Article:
Olympic and world champion, Katie Archibald got into cycling after winning handicap races on a Highland Games grass track. She writes a column for Cycling Weekly each week.
You know what people love about riding their local 10-mile time trial? The fact that even if you come last there’s still a chance you can beat your past self.
It’s the same reason people love power meters; the results sheet might say one thing but your Garmin says how you really did. Whether a TT is on the road or the track there’s always scope for pleasure that’s completely removed from whether or not you win or lose.
What doesn’t get acknowledged is that there’s just as much scope for misery. Current individual pursuit world record holder and world champion Chloe Dygert (USA) won the event this year in a time of three minutes 20 seconds.
She made a catch on the silver medal rider (Annemiek van Vleuten of the Netherlands) in the final, such was her margin on the rest of the world. But she wanted to ride a 3:18.
“Everyone was making such a big deal that I broke the world record again,” she said.
“I had to fake a little excitement. I was expecting a better time, and I only went .012 faster.”
I read this from an interview with Dygert afterwards. Just as if you place last in a time trial you can still experience a personal victory, so too placing first can still feel like a loss.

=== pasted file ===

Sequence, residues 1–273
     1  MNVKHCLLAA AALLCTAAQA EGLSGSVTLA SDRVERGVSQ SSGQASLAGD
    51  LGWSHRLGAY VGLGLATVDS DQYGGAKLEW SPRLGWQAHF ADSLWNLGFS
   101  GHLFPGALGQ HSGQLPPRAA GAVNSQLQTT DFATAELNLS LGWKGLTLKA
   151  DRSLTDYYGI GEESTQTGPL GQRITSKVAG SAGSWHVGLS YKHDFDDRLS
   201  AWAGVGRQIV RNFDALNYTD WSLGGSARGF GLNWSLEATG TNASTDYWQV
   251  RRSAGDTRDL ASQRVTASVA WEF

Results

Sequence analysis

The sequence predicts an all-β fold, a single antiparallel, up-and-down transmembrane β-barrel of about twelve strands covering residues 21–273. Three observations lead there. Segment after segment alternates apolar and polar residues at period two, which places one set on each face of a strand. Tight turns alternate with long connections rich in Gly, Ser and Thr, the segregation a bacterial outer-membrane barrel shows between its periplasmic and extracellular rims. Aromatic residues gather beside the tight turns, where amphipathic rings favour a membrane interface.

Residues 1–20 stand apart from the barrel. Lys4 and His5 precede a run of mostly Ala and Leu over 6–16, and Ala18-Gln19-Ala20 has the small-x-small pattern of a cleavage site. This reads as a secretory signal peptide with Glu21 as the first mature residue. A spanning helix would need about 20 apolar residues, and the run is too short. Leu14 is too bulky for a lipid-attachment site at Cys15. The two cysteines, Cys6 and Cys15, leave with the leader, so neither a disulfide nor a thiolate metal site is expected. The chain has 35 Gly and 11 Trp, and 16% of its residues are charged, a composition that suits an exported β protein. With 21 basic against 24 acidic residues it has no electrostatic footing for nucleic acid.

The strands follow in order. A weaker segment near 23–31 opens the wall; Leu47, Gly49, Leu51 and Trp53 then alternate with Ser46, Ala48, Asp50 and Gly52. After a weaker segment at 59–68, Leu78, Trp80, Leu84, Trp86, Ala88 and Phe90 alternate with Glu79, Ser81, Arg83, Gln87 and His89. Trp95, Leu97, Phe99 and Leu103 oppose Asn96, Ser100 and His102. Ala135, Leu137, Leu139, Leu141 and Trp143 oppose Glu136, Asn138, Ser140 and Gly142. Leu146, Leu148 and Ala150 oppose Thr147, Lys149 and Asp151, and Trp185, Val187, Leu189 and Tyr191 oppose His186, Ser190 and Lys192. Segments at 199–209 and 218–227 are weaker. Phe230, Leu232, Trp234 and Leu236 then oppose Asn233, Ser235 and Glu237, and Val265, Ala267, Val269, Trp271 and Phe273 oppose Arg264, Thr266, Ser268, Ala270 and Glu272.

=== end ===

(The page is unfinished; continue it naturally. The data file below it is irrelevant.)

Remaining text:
It’s not, as you might have guessed, a reaction to becoming world champion that garners a lot of sympathy. I’m thinking about it because I’ve just been told off for moaning about my season on Twitter.
Called on my nonsense because this year I became world and Commonwealth champion but I’m walking about with a pout on because I’ve had a couple months messed around with minor injury.
The fact I need to get over myself was an obvious conclusion, but seemingly not one I was able to draw on my own.
I won’t be riding the British national road race or TT, and that’s OK. Does that sound sincere? I’m not sure I’ve fully convinced myself of it, but you’ve got to fake it till you make it.
Until then I’m just to repeat “the world isn’t ending, the world isn’t ending…” over and over in my head.
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Nigel Wynn worked as associate editor on CyclingWeekly.com, he worked almost single-handedly on the Cycling Weekly website in its early days. His passion for cycling, his writing and his creativity, as well as his hard work and dedication, were the original driving force behind the website’s success. Without him, CyclingWeekly.com would certainly not exist on the size and scale that it enjoys today. Nigel sadly passed away, following a brave battle with a cancer-related illness, in 2018. He was a highly valued colleague, and more importantly, n exceptional person to work with - his presence is sorely missed.
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